A Little Closer To Home

Inside it reads, "Helluva show! It was right dumb of you not to be here. Love, TRS"

Inside it reads, “Helluva show! It was right dumb of you not to be here. Love, TRS”

I enjoyed very much the Roots Family Reunion, and soon will be posting a pictorial w/ links and all the trimmings so you can have a sit down, sip your whiskey, and fall to pieces when you realize what a great show you missed.

Matt Frye 2While that’s in the works, I want to write about a very excellent find in the musical stylings of Matt Frye. He came on stage in sneakers, shorts, t-shirt and a raccoon hat. He looked like a dork, and the audience at large seemed to deem him off-putting, and it appeared as though they deemed him so throughout. I loved him. His music is better suited to venues like Goodbye Blue Monday (a refuge in my early, miserable Brooklyn days) than ones filled with more earnest country singers, bluegrass pickers, and southern rockers. Not to say that musically he had no place. I hear Hank in him, and Woody, and more personal to me, David Lowery of Camper Van Beethoven and Cracker. There’s a seeming jackass on stage. Like early Ween, he gives the appearance that he doesn’t take any of this seriously when in fact his music is quite skillful, and his lyrics are more carefully worded and meted out than their humor and cheekiness let on.

He also achieves something that I hope these others in BK Country will see to follow suit. He allows Brooklyn to influence his roots music directly. There was nothing wrong with the rest of the lineup, but in this BK Country scene it is as though these musicians mean to steadfastly preserve the sound and conventions of their roots music. They give a spirited exhibition of proficiency and exactitude when some recklessness and  a sense of fuck-all could get the crowd closer to the stage. And I get it. It’s the sound and music of their home. It’s who they were growing up, and is engrained in their identity as well as who they see themselves to be. If this wannabe writer who cannot play any instrument or carry a tune in a bucket could impart some advice, it would be this. Brooklyn happened on your way to country greatness. Your lives here are made unique in regards to your stay-at-home counterparts. You have trains, taxis, and every walk of life at your door step. You gave up pick-up trucks and porch sittin’, and all those easy “simple times” to grind and hustle, to be met with every form of rejection both personal and professional in order to earn some hard won breath catching moments. Open up them big ol’ hearts to Brooklyn, she’ll only love you for it.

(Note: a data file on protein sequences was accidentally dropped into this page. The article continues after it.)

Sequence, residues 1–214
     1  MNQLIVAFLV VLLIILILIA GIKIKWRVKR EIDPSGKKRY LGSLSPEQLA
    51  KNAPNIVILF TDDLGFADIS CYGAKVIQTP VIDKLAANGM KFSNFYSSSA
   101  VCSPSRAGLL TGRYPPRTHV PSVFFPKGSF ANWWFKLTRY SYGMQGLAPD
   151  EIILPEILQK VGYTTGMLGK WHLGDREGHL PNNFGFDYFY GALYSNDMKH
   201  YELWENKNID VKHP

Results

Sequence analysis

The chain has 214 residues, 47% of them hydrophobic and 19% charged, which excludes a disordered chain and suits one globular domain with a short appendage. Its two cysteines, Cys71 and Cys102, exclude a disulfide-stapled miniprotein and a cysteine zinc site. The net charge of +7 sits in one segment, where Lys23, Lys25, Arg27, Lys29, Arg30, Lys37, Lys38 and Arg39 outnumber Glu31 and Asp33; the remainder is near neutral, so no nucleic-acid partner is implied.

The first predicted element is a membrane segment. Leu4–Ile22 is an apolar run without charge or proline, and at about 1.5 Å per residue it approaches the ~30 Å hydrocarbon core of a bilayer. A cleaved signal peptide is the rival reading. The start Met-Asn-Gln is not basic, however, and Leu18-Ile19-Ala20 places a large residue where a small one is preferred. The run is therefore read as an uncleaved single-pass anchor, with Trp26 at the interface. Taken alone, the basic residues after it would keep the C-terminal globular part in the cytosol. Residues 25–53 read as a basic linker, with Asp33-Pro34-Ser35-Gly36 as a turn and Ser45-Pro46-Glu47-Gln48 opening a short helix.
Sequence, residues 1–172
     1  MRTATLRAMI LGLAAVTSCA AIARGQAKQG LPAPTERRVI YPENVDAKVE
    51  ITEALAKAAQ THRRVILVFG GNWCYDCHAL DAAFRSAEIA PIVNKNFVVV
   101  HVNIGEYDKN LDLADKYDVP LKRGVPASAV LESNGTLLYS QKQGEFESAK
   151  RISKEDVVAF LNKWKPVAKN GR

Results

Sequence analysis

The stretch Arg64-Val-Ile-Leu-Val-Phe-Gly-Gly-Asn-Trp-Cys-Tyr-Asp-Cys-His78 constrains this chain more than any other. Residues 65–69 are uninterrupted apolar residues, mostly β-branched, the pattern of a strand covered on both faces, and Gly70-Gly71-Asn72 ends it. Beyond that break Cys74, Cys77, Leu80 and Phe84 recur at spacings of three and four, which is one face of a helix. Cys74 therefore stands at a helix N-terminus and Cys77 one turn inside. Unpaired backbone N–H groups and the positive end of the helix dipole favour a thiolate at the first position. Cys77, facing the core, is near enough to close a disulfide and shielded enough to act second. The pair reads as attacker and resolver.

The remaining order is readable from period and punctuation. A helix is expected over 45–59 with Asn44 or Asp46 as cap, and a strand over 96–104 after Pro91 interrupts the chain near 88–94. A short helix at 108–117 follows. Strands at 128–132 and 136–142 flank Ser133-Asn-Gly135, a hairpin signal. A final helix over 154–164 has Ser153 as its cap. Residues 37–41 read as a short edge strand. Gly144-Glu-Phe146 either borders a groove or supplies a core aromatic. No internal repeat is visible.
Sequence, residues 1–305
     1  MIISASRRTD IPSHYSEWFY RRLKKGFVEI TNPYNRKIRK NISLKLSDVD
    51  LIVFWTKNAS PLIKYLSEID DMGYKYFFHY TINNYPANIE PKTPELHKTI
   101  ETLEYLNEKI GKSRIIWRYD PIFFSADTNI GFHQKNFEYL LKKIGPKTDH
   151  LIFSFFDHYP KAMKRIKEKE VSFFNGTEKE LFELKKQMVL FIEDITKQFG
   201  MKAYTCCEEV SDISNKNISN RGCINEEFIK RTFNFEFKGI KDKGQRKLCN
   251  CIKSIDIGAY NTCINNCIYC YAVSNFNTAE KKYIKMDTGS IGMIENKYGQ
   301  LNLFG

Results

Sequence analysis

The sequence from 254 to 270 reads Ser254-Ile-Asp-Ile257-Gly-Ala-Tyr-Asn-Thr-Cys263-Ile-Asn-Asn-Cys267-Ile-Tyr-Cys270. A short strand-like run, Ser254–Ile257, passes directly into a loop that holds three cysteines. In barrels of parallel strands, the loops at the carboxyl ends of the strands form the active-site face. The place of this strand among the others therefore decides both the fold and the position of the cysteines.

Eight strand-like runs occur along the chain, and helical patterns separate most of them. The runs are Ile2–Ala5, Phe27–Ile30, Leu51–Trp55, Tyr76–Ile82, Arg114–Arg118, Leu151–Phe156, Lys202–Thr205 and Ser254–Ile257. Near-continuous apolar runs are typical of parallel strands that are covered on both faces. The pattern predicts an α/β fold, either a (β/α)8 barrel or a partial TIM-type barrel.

matt frye LIVE _ livin’ at joann’s from Hilo Media on Vimeo.

But, anyway.

Matt Frye’s music made me remember sitting in front of our tv as a kid, that big ol’ glass tube encased in finished wood. Cable finally became affordable to us trailer park dwellers. On MTV a man named Dr. Demento had a music video program that showcased all the smart asses and goofballs of the music world. Some novelties, like the Fish Heads song. Others were musical geniuses that the world was not then ready for and so relegated to the weirdo bin. I discovered Weird Al Yankovic, They Might Be Giants, The Dead Milkmen, Camper Van Beethoven, and mother fucking DEVO. I discovered that I was a weirdo, too. It was good to know we had anthems. It’s like Leonard Cohen sang, “Clenching your fist for the ones like us, who are oppressed by the figures of beauty. You fixed yourself, you said ‘Well, never mind. We are ugly, but we have the music.’” So, I’m glad Matt Frye is out there reminding us to fuck the norm.